Menswear in 2016 believes wholeheartedly that men care about fashion. Long before menswear graduated into a $460 billion industry, “fashion” often served as a poor synonym for “women’s wear,” leaving men to fend hopelessly for themselves in the world of “ready-to-wear” style.
Now, tailoring, silhouettes, and Instagram-famous Shiba Inus are just a few of the norms on the menswear market. They serve as markers of a new era of men’s fashion that caters exclusive to the man who color blocks, accessorizes, and thinks critically about the way he looks. Gone are the days where shopping was left to one’s mother or wife. Now, men actively shape their style and tastes within a market that has learned to chase “yummies” (that is, young urban males) and their endless supply of disposable income.
How and when did the fashion industry begin to take “men’s style” seriously? There are plenty of factors contributing to the rise of the menswear market, but none more apparent than sneaker culture.
Once limited to the bounds of hip-hop, sneaker culture has since permeated the menswear market implicitly by advocating for the young urban male’s expense account. Sneakers have been around since the 1890s, of course, but it took another 80 years for them to become the extremely profitable consumable it is today. With the release of the first signature shoe — to coincide with the superstar talent of NBA favorite Kareem Abdul Jabbar — Adidas unwittingly launched the culture that would drive over $340 million dollar in sales just last year.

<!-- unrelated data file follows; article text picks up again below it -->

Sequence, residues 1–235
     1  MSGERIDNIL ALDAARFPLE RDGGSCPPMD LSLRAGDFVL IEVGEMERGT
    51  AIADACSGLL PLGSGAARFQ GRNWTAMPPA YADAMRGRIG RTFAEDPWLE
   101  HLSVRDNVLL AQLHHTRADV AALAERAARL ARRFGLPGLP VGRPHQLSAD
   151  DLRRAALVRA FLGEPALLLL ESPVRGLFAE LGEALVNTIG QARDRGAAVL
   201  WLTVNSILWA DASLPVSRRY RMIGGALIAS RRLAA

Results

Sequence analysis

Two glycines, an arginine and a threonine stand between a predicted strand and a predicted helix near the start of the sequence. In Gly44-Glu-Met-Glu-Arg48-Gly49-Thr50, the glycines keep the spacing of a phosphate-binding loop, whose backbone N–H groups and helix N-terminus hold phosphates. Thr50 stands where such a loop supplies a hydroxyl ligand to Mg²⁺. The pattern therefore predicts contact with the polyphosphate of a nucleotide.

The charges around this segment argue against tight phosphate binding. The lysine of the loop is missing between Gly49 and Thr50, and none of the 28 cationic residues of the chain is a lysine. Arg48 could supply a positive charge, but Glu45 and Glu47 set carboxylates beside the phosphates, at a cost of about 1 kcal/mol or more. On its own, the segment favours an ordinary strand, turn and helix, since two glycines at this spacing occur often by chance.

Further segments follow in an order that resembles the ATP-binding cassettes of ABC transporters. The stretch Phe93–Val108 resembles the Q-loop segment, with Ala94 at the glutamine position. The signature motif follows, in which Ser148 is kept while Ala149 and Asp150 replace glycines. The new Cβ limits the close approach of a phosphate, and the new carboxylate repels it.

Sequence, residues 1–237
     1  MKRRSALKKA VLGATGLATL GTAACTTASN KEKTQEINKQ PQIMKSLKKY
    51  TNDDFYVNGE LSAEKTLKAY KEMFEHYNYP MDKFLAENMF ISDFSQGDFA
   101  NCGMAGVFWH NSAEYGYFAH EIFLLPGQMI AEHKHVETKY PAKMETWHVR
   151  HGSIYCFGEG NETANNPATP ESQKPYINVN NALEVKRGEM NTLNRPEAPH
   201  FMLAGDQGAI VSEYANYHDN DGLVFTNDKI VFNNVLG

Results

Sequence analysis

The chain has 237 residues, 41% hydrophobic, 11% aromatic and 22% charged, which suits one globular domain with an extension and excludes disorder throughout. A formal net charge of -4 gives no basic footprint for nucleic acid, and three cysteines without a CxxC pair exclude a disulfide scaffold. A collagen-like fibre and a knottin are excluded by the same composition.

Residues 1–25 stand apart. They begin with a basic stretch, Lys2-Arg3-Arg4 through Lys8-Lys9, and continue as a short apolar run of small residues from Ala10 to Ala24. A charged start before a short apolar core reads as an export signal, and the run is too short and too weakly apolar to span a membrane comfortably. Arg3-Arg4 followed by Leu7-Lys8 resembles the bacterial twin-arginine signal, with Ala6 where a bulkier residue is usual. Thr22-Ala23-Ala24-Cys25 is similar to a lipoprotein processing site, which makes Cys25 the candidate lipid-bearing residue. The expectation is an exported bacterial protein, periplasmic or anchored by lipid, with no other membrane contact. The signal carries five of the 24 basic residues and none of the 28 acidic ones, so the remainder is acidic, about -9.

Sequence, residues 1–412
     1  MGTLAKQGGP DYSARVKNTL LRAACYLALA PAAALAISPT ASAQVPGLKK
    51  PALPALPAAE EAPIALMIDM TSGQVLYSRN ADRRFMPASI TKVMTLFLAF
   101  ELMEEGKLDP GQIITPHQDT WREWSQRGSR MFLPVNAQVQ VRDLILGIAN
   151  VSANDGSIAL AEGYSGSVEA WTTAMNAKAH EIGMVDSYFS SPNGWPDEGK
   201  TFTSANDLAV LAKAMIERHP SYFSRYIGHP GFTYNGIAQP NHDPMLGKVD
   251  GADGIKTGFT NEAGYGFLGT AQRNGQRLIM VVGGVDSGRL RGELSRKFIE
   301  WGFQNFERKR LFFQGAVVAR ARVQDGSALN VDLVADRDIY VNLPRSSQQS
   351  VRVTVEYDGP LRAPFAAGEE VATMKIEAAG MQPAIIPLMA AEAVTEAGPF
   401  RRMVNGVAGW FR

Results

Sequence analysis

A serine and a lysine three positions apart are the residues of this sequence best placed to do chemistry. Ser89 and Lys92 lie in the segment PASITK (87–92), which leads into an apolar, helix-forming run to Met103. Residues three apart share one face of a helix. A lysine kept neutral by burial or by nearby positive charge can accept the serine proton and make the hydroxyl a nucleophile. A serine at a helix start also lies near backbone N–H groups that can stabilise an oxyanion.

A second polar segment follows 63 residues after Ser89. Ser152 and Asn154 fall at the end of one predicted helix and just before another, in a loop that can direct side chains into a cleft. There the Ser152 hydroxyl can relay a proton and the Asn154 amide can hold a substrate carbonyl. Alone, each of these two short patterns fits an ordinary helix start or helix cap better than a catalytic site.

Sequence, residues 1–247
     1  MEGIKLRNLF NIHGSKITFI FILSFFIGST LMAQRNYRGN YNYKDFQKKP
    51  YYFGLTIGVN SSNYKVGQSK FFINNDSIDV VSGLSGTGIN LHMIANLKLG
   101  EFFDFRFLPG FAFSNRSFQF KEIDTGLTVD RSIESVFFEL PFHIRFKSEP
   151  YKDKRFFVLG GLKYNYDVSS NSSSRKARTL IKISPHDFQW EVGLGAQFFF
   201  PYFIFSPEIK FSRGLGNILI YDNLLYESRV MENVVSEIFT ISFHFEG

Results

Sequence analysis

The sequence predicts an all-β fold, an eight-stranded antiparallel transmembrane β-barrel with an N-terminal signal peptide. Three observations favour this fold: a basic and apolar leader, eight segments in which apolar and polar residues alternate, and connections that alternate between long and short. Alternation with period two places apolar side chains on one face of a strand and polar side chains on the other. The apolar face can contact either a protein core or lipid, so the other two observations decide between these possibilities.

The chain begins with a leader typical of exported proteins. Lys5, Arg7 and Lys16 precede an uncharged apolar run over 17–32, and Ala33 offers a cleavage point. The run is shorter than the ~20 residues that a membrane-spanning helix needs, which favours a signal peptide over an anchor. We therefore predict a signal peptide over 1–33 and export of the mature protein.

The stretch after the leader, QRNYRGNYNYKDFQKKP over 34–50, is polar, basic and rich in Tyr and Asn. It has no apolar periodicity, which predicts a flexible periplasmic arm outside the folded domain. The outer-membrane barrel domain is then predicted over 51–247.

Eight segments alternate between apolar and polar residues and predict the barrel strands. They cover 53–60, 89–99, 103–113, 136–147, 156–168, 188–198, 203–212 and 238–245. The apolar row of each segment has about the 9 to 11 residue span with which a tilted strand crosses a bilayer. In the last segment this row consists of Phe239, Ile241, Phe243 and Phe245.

Sneaker culture precedes menswear — specifically, the “ready to wear” component that now churns out “fits” (outfits) and style concepts to young urban males routinely. Before the ’80s, it was as unnatural to have a style budget as it was to have a personal style. Sneaker culture, then, not only spoke to young urban male’s income, but also the athletes, musicians, and values he considered important. To a larger extent, it encouraged a healthy pursuit of his own representation — and the sneakers, accessories, and trends he’d curate to make his vision a reality.
Pre-sneaker culture, menswear was only meant to be admired — occasionally aped, but never duplicated. Men’s fashion took its cues from movies, athletes and, for much of the decade, Michael Jackson. But the average teenage male could only ever hope to mimic with the help of a thrift store if he had neither the resources or the funds to secure his favorite “looks.” At the time, sneakers themselves were admired for their functionality, but reserved for the talent of athletes. A good sneaker was merely known for its ability for perform, and assist athletes — sometimes, but not always, basketball players — — during the heat of the game.
Though the semi-pro basketball player Chuck Taylor was the first athlete to have a pair of sneakers named after him in 1921, sneakers and athletes would not become so closely linked until 1971, when the rapidly-rising sports & leisurewear brand adidas first released their Kareem Abdul-Jabbar sneaker line. Up until that moment, sports brands — like Adidas’ rival Puma — and the recently-launched Nike, pushed sneakers onto their audience by heralding their usability. Customers wanted to know if sneakers were comfortable, not if they were stylish. Abdul-Jabbar’s indisputable skill and charisma on and off the court built a suitable cult of personality that Adidas could successfully cash in on: After only two years in the NBA, he’d already won Rookie of the Year and a MVP title. It marked the first time sneakers could sold in conjunction with a player’s brand, rather than focusing on the company brand alone.